• pounding heart
  • sweating
  • trembling or shaking
  • dry mouth
  • difficulty breathing
  • feeling of choking
  • chest pain or discomfort
  • nausea or abdominal distress
  • feeling dizzy or light-headed
  • feelings of unreality or depersonalisation
  • fear of passing out, or losing control
  • fear of dying,
  • hot flushes or cold chills
  • numbness or tingling sensations

The person also experiences significant emotional distress due to the avoidance or the anxiety symptoms and recognises that these are excessive or unreasonable.

Social Phobia

Characterised by fear and/or avoidance of one or more social or performance situations such as:
  • meeting new people
  • talking to people in authority
  • speaking up in a meeting or class
  • going to social gatherings
  • performing in front of an audience
  • taking an important exam
  • working while someone watches
  • entering a room when others are present
  • talking with people who they don't know very well
  • disagreeing with people
  • writing or eating or drinking while someone watches
  • using a public bathroom
  • dating
  • social or performance situation

The presence of Social Phobia is also characterised by:
  • The fear of either being the focus of attention or of behaving in a way that will be embarrassing or humiliating; or the avoidance of either being the focus of attention, or of situations where there is fear of behaving in an embarrassing or humiliating way.
  • At least two anxiety symptoms (from the list in Agoraphobia above) must be present in the feared situation at some time since the onset of the disorder, together with at least one of the following: blushing or shaking; nausea or fear of vomiting; or the urgency or fear of losing control of bowels or bladder.
  • Significant distress caused by the symptoms or by the avoidance and the person recognises that these are excessive or unreasonable.

Generalised Anxiety Disorder

Characterised by a period of at least six months with tension, worry and apprehension about everyday events and problems. The disorder is not due to a physical disorder or substance use. At least four of the following symptoms must be present, with at least one of the first four:
  • pounding heart
  • sweating
  • trembling or shaking
  • dry mouth
  • difficulty breathing
  • feeling of choking
  • chest pain
  • nausea, stomach pain or discomfort
  • dizziness
  • feelings of unreality or depersonalisation
  • fear of losing control or passing out
  • fear of dying
  • hot flushes or cold chills
  • numbness or tingling sensations
  • muscle tension or aches and pains
  • restlessness
  • feeling on edge
  • a sensation of a lump in the throat
  • exaggerated response to minor surprises
  • difficulty concentrating
  • irritability
  • trouble in getting to sleep because of worry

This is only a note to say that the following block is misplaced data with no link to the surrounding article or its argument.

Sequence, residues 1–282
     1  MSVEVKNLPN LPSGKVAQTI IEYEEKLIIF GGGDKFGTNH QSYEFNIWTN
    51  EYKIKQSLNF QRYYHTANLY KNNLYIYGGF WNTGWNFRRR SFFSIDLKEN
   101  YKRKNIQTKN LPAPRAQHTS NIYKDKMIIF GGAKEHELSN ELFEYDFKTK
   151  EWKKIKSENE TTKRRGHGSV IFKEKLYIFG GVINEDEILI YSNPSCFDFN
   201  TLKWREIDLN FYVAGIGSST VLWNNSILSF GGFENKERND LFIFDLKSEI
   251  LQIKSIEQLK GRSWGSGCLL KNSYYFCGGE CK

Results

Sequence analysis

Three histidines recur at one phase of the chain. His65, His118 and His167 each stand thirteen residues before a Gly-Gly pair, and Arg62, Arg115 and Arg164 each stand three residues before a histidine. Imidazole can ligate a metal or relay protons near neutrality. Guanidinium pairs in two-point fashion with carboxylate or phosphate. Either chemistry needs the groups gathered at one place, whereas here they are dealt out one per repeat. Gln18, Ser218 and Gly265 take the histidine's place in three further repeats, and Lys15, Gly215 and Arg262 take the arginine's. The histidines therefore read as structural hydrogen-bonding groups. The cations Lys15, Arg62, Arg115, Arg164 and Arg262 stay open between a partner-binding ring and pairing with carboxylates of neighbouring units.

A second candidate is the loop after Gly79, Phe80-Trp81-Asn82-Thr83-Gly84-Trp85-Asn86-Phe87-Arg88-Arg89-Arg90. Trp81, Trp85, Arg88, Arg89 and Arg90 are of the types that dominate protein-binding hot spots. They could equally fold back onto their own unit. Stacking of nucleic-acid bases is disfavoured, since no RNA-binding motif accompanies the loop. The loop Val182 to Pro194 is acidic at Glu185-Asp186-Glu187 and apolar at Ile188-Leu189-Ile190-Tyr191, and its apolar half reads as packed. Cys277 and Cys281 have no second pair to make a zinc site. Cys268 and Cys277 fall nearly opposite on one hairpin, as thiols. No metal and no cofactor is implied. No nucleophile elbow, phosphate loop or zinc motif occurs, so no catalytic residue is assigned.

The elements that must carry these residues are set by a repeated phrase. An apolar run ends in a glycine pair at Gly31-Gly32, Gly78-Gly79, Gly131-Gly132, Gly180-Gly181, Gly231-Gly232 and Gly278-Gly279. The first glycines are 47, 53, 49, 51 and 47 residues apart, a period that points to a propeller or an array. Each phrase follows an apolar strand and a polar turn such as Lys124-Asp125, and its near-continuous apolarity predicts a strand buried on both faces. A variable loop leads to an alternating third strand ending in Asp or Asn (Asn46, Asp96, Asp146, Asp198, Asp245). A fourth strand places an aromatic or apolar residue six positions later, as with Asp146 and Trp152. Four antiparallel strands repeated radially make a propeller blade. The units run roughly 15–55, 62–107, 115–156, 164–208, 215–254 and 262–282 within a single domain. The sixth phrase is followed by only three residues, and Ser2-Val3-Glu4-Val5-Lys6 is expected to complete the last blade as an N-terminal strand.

Hierarchy rules have been applied to Generalised Anxiety Disorder. To meet criteria for the 'with hierarchy' version:
      - the Generalised Anxiety Disorder does not occur exclusively within the duration of Panic Disorder; and
      - the Generalised Anxiety Disorder is not exclusively associated with social and performance situations (ie Social Phobia); and
      - the Generalised Anxiety Disorder does not occur exclusively within the duration of (and is not exclusively associated with) obsessions and compulsions (ie Obsessive-Compulsive Disorder).

The original exclusion rules from the ICD-10 also consider the presence of other phobic disorders and hypochondriacal disorder. As the 2007 SMHWB did not collect information for Specific Phobia or Hypochondriacal Disorder, the Generalised Anxiety Disorder prevalence may include some persons with these disorders.

Obsessive-Compulsive Disorder

Either obsessions or compulsions (or both) are present on most days for at least two weeks. Obsessions (thoughts, ideas or images) and compulsions (acts) share the following features, all of which must be present:
  • repetitive and unpleasant, and at least one obsession or compulsion is acknowledged as excessive or unreasonable;
  • the person tries to resist them, and at least one obsession or compulsion that is unsuccessfully resisted must be present; and
  • the person derives no pleasure from the obsessive thought or compulsive act;
  • the obsessions or compulsions cause distress or interfere with the person's social or individual functioning;
  • the respondent considers that the obsessions and compulsions do not occur exclusively within episodes of depression (ie this is based on self report by the respondent, not according to diagnosis made by the CIDI).

Post-Traumatic Stress Disorder

Characterised by symptoms experienced within six months of exposure to an extremely traumatic event which would be likely to cause pervasive distress in almost anyone. In order to be assessed for this disorder, the respondent had to have reported experiencing at least one of the following traumatic events:
  • direct combat experience in a war
  • a war or ongoing terror as a peacekeeper
  • a war as an unarmed civilian
  • living in a place with ongoing terror
  • ever being a refugee
  • being kidnapped or held captive
  • being exposed to a toxic substance
  • a life-threatening car accident
  • a life threatening accident
  • a fire, flood or other natural disaster
  • a man-made disaster or bomb explosion
  • a life-threatening illness
  • being beaten as a child
  • being beaten by a spouse or partner
  • being beaten by anyone else
  • being held up or threatened with a weapon
  • rape
  • sexual molestation
  • being stalked
  • an unexpected death at a young age of someone very close
  • a son or daughter with a life-threatening illness or injury
  • traumatic experience (rape) of someone very close
  • witness serious physical fights at home as a child
  • someone being badly injured or killed, or unexpectedly seeing a dead body
  • doing something that accidentally led to serious injury or death of another person